Parenting Time & Visitation Rights

Minnesota Parenting Time & Child Visitation Rights Lawyers

Noncustodial parents are usually entitled to visitation with a child. This is true whether the parents were married or not; the marital status of the parents only affects the procedure used to establish parenting time. The amount of visitation will vary with the desires of the parents and the inclinations of the judge, but Minnesota Statutes allow for a rebuttable presumption that a noncustodial parent should have at least 25% of parenting time with their child.

A common visitation schedule might include the following:

  • every other weekend (Friday evening through Sunday);
  • a week night (for dinner);
  • half of the child’s winter and spring breaks
  • alternate major holidays; and
  • two to six weeks in the summer.

If parents live far apart and regular weekend visitation is not feasible, it is common to allocate more summer vacation and school holidays to the noncustodial parent.

A court can restrict visitation or deny it altogether if the court believes the child might be placed in danger by being alone with the parent.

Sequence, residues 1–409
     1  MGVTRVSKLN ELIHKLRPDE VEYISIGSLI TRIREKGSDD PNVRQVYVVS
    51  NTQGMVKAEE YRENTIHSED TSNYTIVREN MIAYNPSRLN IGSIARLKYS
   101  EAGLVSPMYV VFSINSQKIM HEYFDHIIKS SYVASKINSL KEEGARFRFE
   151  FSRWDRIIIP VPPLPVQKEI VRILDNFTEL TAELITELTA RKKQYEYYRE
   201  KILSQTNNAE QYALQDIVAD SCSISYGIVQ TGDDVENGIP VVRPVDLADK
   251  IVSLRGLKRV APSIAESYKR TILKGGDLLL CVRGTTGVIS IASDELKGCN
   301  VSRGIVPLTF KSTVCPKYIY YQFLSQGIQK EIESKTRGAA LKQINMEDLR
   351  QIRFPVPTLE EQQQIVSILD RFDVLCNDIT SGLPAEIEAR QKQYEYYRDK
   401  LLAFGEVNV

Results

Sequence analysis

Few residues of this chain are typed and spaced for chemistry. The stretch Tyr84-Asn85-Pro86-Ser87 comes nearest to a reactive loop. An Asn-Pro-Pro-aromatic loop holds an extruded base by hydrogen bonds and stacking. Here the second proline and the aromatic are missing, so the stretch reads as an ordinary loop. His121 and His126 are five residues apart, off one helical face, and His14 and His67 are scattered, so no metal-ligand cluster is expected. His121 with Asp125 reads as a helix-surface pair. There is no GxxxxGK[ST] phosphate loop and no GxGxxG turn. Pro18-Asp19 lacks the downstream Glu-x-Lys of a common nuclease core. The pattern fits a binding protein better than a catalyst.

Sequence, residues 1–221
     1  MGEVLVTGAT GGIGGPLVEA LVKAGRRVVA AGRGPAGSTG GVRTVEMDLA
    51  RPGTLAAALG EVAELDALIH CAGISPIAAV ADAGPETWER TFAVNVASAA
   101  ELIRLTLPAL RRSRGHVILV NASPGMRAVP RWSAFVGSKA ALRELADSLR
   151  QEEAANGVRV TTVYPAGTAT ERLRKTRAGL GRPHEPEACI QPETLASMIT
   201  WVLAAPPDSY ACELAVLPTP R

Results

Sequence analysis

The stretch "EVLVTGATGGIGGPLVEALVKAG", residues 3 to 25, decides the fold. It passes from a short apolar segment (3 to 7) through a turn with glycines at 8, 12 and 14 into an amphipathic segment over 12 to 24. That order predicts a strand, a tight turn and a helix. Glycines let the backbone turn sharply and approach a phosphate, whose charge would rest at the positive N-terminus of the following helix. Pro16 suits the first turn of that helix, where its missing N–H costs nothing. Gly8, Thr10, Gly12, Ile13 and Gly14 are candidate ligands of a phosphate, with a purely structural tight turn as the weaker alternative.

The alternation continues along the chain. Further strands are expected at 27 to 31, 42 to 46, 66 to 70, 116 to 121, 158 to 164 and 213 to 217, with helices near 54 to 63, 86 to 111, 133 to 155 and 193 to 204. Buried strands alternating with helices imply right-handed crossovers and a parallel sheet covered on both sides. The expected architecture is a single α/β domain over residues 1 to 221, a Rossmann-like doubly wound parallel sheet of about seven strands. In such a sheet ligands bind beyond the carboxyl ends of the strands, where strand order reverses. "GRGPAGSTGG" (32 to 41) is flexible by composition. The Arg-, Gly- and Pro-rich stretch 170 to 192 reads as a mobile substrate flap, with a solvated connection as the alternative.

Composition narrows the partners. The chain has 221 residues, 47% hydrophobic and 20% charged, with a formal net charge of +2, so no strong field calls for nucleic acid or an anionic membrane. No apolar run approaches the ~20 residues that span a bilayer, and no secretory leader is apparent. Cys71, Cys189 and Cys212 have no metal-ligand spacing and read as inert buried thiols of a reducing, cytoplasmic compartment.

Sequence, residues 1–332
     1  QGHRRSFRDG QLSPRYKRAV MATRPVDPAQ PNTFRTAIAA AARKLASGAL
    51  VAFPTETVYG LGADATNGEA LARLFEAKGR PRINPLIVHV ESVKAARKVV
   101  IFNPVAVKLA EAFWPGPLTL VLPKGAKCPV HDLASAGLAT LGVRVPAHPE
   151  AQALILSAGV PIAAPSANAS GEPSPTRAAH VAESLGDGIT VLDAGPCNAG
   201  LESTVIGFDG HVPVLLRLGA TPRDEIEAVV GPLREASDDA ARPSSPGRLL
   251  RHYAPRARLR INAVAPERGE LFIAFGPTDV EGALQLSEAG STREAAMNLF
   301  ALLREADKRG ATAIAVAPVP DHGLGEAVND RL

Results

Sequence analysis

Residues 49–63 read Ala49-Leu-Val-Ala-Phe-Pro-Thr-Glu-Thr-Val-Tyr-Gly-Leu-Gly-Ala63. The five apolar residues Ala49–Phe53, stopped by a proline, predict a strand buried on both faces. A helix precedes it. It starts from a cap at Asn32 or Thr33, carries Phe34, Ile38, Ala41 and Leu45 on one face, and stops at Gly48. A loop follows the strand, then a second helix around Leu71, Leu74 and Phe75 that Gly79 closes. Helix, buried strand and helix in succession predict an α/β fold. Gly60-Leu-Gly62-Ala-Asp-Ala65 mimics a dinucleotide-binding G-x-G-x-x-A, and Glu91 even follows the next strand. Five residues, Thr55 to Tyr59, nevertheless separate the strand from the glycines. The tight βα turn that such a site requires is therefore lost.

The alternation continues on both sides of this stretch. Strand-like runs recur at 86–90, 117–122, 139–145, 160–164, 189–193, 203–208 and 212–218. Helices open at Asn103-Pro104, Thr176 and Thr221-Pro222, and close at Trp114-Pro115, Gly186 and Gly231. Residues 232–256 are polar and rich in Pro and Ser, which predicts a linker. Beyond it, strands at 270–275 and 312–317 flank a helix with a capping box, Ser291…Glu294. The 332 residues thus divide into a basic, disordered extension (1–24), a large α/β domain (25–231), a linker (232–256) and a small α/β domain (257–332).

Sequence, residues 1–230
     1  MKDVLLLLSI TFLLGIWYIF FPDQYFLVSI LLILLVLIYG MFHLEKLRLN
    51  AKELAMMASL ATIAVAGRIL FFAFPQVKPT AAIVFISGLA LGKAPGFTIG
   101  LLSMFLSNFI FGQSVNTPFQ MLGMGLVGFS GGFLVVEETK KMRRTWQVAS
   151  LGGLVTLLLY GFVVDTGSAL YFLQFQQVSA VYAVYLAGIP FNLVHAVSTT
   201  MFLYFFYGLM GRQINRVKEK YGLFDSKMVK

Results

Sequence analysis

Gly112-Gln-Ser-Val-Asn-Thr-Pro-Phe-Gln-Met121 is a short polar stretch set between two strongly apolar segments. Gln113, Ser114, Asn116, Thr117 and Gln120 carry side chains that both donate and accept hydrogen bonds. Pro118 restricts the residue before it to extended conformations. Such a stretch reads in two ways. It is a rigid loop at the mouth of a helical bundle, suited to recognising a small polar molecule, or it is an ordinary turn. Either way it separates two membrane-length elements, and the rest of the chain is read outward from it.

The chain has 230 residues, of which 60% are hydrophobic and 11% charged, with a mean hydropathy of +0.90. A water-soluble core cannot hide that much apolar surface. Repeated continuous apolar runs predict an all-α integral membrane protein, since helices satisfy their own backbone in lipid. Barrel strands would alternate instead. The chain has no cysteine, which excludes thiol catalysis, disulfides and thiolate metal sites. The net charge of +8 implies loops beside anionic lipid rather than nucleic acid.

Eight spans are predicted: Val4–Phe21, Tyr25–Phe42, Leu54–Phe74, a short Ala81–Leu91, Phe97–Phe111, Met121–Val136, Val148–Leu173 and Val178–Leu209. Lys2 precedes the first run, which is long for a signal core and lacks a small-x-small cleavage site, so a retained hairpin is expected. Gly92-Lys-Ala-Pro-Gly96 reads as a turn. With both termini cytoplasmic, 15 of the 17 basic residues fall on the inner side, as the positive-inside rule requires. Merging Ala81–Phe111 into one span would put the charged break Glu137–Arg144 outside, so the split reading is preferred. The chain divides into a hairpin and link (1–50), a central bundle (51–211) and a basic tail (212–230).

Modifying an Existing Parenting Time Plan

If you have already been through the process of establishing a parenting time plan, it is possible to modify it. If both parents agree to a change, the parties should put that change in writing and submit it to the court. Otherwise, the parties may use a mediator or the court to determine which parenting plan is appropriate.

The court looks at the best interest of the child to determine whether a modification of a parenting plan is appropriate. Minnesota Statutes provide thirteen factors that the court is to review and make this decision. All thirteen factors must be considered; a judge may not look at one individual factor to the exclusion of all others. There are no time limitations on how often a parent may go to court to modify a parenting plan.

If you would like to modify an existing parenting plan, contact the family law attorneys at Heimerl & Lammers today to set up a free consultation.

Minnesota Divorce Lawyers

Child support payments are independent of visitation rights, so a custodial parent may not deny visitation if the noncustodial parent falls behind on child support payments and a noncustodial parent may not stop payment of child support because of denied parenting time. If you have questions about parenting time or its interaction with child support, contact the experienced family law attorneys at Heimerl & Lammers today.